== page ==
In search of passive candidates in the sales/business development field, 50-60,000 were targeted through LinkedIn and Facebook ads that generated 3.2 million impressions, stats that cover a period of about five months. This led to 1,300 visits to the athenahealth careers site.

LinkedIn, it’s finding, has generally worked better for sales, Facebook for software developers.

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Athenahealth and HireClix experiment heavily to see what ads, colors, phrasing, and so on work — and then scrap what doesn’t. They’re also using Google, both to place banner ads and to place text ads that show up when people conduct searches.

Treadway doesn’t see Twitter as a big part of her current recruitment advertising. Craigslist, and some niche job boards in the healthcare field, are used some, but Treadway doesn’t see niche board spending as something that’ll grow in the near future.

As for live events, Athenahealth also sponsored a mobile food truck at MIT, where it has had a long relationship. On May 18 of this year, it gave away free food during the breaks between exams during finals week. HireClix used Facebook ads — highly targeted to mention the specific classes people were taking — to get the word out to math and engineering students. The ads targeted 480 students; 191 saw them. Recruiters and software developers, of course, were on hand to schmooze with students.

More than 250-300 students came out in the rain, and the food sold out in three hours.

With all these changes in recruitment ad spending, Treadway is bombarded by excited recruiters wanting to place ads on this or that site, now that they see what’s working and what’s not. “You can throw out a big net in the ocean,” she says, “or you can get to the right fish by putting out the right bait.”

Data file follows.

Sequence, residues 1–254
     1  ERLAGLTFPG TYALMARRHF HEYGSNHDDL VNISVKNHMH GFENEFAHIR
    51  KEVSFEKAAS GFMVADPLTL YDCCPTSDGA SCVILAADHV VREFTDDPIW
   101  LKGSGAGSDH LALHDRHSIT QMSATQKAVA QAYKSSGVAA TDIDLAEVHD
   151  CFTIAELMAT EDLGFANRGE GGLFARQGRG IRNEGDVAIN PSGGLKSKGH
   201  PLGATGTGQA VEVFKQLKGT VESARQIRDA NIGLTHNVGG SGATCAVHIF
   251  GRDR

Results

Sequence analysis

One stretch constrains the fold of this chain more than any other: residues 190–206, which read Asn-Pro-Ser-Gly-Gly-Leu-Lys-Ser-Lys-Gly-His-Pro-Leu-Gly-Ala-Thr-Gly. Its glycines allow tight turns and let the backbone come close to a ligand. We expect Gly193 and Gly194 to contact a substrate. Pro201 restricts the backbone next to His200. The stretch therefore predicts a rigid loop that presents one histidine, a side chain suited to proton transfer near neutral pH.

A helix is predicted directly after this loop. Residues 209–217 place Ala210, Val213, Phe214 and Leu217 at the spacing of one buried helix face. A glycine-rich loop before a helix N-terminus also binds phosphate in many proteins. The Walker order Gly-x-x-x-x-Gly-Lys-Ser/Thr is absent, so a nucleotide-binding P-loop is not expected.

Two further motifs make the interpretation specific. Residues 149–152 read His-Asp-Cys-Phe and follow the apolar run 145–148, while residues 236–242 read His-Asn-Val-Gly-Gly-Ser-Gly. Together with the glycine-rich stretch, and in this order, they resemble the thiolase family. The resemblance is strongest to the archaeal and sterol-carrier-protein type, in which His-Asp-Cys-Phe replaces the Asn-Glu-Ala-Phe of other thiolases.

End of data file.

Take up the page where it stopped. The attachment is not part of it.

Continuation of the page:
“But,” I asked, “how do you know these really are the right fish?” Right now, there aren’t a lot of metrics as to the quality of the candidates arriving at athenahealth and being hired. Treadway says she’s confident that the quality of candidates is up sharply, based on everything she hears from recruiters and employees (“people here are pumped about this kind of stuff,” she says, “not just the recruiters.”). The company’s moving from SonicRecruit — which was bought by Taleo — to Kenexa 2X BrassRing, which she says will give it a greater ability to generate the metrics and reports it needs to measure how various sources of hires are working out.

The culture at athenahealth is strong: it sees itself as offering disruptive technology, integral to the health care infrastructure of the future. All employees — called athenistas — are considered insiders, who hear quarterly results before Wall Street does. Everyone’s eligible for bonuses. “Transparency is big,” Treadway says. Though 360 reviews are given to everyone, “you better have said it already to them.”

She says the company is aggressive about moving to cutting-edge programs and technologies, even if it’s not sure of the exact outcome, and that this applies to both the company’s medical software as well as its recruiting. “We love taking on and trying new things,” she says, “but we don’t continue to do them if they don’t work.”